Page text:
If you’re among the Newfoundlanders who are wondering why the provincial election is being held in May instead of in November, here is the answer: it is in the Liberal party’s best interest.
Never mind what is best for the province, or best for the electorate, or best for democracy, i.e., respecting the process set in legislation. The Liberals will do — and did — what is best for the Liberals.
Newfoundland’s fixed-date election law sets the second Tuesday of October as provincial election day, every four years. Newfoundlanders should be going to the polls on Oct. 8, not on May 16.
But Premier Dwight Ball, being the Liberal in charge, deemed Newfoundlanders — voters and campaigners alike — incapable of dealing with two elections within a several-week span. The federal election is due to occur on or before Oct. 21.
The possibility of provincial and federal elections occurring close together and thus overwhelming the simpletons who are entrusted with casting ballots was in fact foreseen by the wise drafters of the province’s legislation, who decreed that, in the event of such a conflict, the Newfoundland vote could instead take place on the last Monday of November of the same year.
Thus, you may recall, Newfoundlanders went to the polls on Nov. 30, 2015. The federal election that year was held Oct. 19. The six-week gap was apparently enough for voters and campaigners to control confusion and replenish energy.
It will be beneficial to Ball and his Liberals if the most recent hearings of the Muskrat Falls Inquiry are freshly echoing in voters’ minds.
This year, the provincial election — bumped out of October by an impending federal election — should have been held on Nov. 25. The span between the federal and provincial elections would have been at least five weeks. Could Newfoundland voters have handled the pressure? Could they have distinguished between federal and provincial campaign signs? Could they have kept the candidates and issues straight in their simple minds? Possibly.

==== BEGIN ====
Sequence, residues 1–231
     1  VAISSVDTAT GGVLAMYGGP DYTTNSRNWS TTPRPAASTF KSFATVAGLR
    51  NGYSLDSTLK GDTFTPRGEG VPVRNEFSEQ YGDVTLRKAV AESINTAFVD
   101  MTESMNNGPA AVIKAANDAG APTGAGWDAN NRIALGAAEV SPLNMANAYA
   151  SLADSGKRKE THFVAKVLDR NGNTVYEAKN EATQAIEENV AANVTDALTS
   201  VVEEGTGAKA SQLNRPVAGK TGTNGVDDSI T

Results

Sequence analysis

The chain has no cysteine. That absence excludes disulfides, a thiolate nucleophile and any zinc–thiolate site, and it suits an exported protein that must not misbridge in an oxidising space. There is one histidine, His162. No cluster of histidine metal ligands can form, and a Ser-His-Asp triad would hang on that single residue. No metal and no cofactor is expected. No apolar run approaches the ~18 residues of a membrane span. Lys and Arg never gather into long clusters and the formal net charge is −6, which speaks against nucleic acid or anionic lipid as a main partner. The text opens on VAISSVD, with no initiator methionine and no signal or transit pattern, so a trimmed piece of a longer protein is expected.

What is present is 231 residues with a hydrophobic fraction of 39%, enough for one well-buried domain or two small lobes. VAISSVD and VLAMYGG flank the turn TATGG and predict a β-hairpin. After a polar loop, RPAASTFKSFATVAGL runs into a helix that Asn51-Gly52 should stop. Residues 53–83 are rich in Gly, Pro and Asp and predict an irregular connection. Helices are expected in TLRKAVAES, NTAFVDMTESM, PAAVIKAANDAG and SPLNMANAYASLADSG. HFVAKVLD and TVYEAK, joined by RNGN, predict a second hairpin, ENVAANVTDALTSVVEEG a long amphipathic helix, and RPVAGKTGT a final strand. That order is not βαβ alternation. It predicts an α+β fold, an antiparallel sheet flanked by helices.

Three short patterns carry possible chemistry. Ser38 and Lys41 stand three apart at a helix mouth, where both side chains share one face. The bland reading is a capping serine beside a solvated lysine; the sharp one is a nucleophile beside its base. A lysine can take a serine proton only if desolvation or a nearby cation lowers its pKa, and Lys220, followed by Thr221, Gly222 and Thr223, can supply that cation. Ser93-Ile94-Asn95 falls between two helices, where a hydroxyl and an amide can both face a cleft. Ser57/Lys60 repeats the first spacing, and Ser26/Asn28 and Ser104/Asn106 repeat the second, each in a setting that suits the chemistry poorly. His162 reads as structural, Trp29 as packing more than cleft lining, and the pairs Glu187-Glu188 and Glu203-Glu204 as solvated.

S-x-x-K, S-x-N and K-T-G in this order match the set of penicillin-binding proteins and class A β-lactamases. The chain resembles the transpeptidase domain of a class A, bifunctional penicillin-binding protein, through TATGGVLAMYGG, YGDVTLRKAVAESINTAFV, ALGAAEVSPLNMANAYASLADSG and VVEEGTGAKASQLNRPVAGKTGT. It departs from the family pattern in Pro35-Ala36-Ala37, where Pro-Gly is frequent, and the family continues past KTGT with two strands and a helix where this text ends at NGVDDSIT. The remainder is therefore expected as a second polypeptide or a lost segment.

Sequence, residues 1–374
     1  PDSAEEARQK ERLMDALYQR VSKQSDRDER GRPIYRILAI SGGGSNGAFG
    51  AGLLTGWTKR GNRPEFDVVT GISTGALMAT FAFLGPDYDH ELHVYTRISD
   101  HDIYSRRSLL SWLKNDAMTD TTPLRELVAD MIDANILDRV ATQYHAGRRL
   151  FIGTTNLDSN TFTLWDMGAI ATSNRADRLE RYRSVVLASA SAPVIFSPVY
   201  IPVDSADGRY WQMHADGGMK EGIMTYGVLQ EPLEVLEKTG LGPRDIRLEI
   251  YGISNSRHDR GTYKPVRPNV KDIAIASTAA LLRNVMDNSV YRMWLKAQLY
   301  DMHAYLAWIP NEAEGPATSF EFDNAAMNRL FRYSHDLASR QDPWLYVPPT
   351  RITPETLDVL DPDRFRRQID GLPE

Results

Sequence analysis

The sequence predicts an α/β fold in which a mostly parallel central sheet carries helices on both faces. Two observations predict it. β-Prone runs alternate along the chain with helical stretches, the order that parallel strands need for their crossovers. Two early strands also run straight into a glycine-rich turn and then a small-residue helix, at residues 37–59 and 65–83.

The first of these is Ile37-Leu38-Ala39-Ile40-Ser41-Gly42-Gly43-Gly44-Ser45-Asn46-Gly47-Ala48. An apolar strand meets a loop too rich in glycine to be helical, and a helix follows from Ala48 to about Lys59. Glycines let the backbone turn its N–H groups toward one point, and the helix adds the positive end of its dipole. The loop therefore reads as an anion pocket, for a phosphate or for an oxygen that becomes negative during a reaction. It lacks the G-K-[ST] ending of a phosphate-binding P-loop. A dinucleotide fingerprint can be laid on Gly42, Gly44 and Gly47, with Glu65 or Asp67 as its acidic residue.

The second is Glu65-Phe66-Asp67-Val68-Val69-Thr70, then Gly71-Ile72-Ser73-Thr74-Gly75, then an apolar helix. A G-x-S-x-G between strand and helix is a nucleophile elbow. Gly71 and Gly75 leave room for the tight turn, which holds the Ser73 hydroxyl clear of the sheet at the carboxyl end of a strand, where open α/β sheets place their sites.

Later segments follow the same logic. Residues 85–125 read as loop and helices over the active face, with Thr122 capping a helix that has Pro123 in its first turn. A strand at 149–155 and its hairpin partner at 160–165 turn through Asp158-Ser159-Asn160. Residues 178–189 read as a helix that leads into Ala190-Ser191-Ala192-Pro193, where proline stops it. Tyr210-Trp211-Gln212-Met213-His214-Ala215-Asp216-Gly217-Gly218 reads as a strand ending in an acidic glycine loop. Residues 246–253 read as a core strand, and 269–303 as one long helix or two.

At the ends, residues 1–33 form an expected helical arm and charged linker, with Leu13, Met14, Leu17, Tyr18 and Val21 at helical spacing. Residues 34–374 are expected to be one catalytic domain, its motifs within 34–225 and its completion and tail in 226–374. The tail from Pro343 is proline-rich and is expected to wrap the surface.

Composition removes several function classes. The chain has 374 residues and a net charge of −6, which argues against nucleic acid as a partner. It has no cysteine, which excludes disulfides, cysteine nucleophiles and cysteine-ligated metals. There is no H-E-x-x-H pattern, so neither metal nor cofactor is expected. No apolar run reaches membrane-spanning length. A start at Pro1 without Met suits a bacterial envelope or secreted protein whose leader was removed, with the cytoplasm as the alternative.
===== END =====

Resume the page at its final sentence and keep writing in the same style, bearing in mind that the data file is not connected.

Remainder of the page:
Ball, not willing to risk it, moved the election date to May 16.
By happy coincidence — for surely that is all it can be — a spring election also offers all sorts of advantages to the premier and his provincial Liberals.
Ball’s buddy in Ottawa, Prime Minister Justin Trudeau, has sailed his good ship Liberal onto the rocks and has a fair-to-good chance of being sunk or marooned with a minority in the coming federal election.
Trudeau’s defeat or decline, mere weeks before a provincial election, would not bode well for the local Reds. Better to change the date to May 16 and avoid the possibility of a federal setback from influencing the provincial vote.
It would also be beneficial to Ball and his Liberals if the most recent hearings of the Muskrat Falls Inquiry were freshly echoing in voters’ minds. The Muskrat Falls financial disaster hovers over Progressive Conservatives and Liberals alike, and Ball’s strategy of blaming solely the Tories will be more successful if voters can still hear the testimony of the parade of former PC premiers and cabinet ministers who didn’t know, were never told, did not ask, couldn’t remember, etc.
On the other hand, a November election would have dimmed the memory of those pathetic answers in voters’ minds, killing their natural inclination to be repulsed by the thought of another Tory administration.
Notice, also, that Ball has not yet testified at the inquiry. By November, he would have. Ball is scheduled to testify at the inquiry July 4-5. Thus, he has a good chance of being returned to the premier’s office a good six weeks before anyone at the inquiry asks him the question that destroys his strategy of blaming the Tories: “Mr. Ball, why didn’t you cancel the Muskrat Falls project?”
A November election would have given the beleaguered electorate four months to ponder the possibility that the Tories, first, and the Liberals, second, both foisted the economy-busting boondoggle upon them.
But for sheer crass connivance, the Liberals’ supposed budget day quickly followed by the election call is worthy of entering the annals of manipulation mastery, an election ploy blatantly crude even by Newfoundland’s low standards.
Brian Jones is a desk editor at The Telegram. He can be reached at email@example.com.
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